“All projects characterized by such a degree of complexity require many changes and modifications,” says Jędrzej Marjanowski, designer at Warsaw University of Technology. “The use of the CAD system is irreplaceable here. NX helps us modify the existing model quickly and effectively.”
“The visualization of models in the NX system helps us to analyze the design in detail, both at the design stage and during discussions with the team of designers,” says Jacek Gadomski, associate professor. “During work on the project, I could present the current stage of implementation to my manager at any time. Moreover, thanks to the advanced visualization, even people from outside the group of designers can easily understand the functional principles of the device.”
“Our university has rich traditions connected with the development of concepts, design, construction, research and utilization of aircraft,” says Wojciech Frączek, the chief designer. “In this way, we have educated many excellent aeronautical engineers. This type of activity has been conducted at the university since 1916, when the Aviation Section was established by the Circle of Mechanics of the students of Warsaw University of Technology.”
In 1925, the Aviation Workshop was started, where the main constructors’ roles were played by Stanisław Rogalski, Stanisław Wigura and Jerzy Drzewiecki – creators of RWD tourist planes that enjoyed worldwide renown.
“The Rzeszów University of Technology has rich experience in the testing and exploration of aircraft designs,” explains Frączek. “Talents were developed there by many excellent pilots. This is why we decided to join our forces. At the Warsaw University of Technology we deal with the design, construction and management of the production process, whereas the team in Rzeszów will prepare and carry out ground static tests and tests in the air.”
The work on the AOS-71 motor glider lasted more than four years. All of the documentation was developed using NX. The first flight of the motor glider with a hidden engine took place in June 2012, at the Warsaw airport of Babice, and the first flight with the use of the electric engine took place in December of the same year in Mielec.
Participants in the project claim that the creation of the first Polish motor glider with an electric drive ended successfully thanks to the application of NX.
“The main advantage of the NX software is dynamic acceleration of the design stage,” claims Frączek. “This is a tool that can easily translate our concepts and ideas to reality. We could have probably achieved similar results by using traditional methods, but this would have obviously increased the completion time significantly, and would have involved the effort of more people. Use of NX software helps us design better products faster, allows us to simulate their operation and makes production easier.”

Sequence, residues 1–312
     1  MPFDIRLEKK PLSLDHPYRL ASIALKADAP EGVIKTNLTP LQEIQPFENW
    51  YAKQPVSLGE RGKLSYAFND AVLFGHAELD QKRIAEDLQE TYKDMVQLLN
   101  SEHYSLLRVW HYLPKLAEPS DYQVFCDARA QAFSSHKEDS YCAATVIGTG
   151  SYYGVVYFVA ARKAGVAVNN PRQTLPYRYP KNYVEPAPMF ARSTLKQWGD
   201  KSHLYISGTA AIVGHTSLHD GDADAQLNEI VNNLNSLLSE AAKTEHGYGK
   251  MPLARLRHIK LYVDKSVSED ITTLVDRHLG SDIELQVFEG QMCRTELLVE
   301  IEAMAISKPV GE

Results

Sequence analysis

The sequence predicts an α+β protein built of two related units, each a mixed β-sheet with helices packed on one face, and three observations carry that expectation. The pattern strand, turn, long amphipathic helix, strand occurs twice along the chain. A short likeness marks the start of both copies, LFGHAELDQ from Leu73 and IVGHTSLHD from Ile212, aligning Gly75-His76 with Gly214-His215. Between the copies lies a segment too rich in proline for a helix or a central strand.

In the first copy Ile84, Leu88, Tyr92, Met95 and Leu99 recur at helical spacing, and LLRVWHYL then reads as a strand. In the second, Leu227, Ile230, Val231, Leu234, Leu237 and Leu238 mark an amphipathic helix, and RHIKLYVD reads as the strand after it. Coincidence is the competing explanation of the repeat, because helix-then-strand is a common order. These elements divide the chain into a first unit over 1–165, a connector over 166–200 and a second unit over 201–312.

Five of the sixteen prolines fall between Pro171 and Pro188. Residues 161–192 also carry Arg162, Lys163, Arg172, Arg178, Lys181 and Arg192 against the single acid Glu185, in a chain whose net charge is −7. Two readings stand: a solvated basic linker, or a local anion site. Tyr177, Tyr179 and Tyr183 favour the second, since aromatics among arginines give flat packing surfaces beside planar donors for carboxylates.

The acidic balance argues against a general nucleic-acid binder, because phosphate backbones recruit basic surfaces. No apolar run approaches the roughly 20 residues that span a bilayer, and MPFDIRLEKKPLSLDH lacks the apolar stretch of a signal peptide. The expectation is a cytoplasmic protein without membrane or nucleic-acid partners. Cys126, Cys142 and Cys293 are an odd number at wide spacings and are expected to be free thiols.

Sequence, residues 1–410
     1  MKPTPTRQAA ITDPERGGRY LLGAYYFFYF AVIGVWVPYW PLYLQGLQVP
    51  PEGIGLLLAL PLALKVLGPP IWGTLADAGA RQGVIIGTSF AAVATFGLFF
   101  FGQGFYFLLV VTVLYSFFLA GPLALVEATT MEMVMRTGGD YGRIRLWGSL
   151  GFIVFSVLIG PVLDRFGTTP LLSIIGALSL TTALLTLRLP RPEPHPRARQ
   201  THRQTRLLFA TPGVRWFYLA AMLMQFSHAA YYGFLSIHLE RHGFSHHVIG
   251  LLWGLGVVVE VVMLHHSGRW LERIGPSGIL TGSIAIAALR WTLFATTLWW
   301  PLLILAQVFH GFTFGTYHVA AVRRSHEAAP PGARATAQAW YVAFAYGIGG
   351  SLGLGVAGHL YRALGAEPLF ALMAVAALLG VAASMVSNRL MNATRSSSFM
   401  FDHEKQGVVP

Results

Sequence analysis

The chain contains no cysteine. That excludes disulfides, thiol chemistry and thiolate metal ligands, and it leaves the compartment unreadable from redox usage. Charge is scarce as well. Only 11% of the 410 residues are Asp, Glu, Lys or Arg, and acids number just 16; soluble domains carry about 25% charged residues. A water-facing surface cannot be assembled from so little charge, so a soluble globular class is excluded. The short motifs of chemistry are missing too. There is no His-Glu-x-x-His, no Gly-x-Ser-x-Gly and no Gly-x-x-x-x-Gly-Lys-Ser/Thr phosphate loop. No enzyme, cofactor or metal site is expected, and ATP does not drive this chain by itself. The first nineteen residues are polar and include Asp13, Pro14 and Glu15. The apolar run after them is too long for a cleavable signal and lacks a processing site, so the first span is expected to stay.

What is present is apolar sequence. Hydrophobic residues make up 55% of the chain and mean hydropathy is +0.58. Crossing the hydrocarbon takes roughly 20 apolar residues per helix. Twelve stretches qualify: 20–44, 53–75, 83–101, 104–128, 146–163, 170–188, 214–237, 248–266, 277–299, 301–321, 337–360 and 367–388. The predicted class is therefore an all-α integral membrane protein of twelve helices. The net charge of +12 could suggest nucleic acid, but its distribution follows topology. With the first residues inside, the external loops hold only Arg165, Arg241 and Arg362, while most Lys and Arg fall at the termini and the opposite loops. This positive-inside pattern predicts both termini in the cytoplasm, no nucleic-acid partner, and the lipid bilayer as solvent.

The design team realized that NX software is the most integrated, flexible and efficient solution for design, engineering analysis and production in the aerospace and defense industry, because it supports design in an open environment, and at the same time delivers capabilities for multi-disciplinary simulations that help guide the product development process. NX also offers a full range of advanced production functionality, and is integrated with Teamcenter® software for PLM.
“The implementation of the ULS program started in 1978,” says Frączek. “Since then, seven generations of gliders and motor gliders have been designed and built by the scientific research team under the leadership of Dr. Roman Świtkiewicz, including three which have been implemented for serial production. In our opinion, the creative contribution of students in the process of constructing a manned aircraft is the best method for developing in students the mindset of a contemporary engineer or scientist.”
“The process of construction of an aircraft was closely connected with the teaching process conducted by our faculty. During the AOS-71 motor glider project, several diploma theses were written, and many students learned practical application of the NX system,” says Frączek.
“NX will be used continuously for teaching purposes,” says Gadomski. “At the same time we trust that new projects will come up that will enable us to use the NX system in practice.”